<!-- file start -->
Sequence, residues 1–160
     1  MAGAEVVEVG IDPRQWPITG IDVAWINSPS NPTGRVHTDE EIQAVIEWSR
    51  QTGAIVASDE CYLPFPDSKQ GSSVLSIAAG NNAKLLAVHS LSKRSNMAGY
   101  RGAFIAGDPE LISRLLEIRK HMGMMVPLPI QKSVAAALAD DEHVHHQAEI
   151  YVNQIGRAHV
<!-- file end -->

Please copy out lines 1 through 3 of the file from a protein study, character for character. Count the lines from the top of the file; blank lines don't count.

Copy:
Sequence, residues 1–160
     1  MAGAEVVEVG IDPRQWPITG IDVAWINSPS NPTGRVHTDE EIQAVIEWSR
    51  QTGAIVASDE CYLPFPDSKQ GSSVLSIAAG NNAKLLAVHS LSKRSNMAGY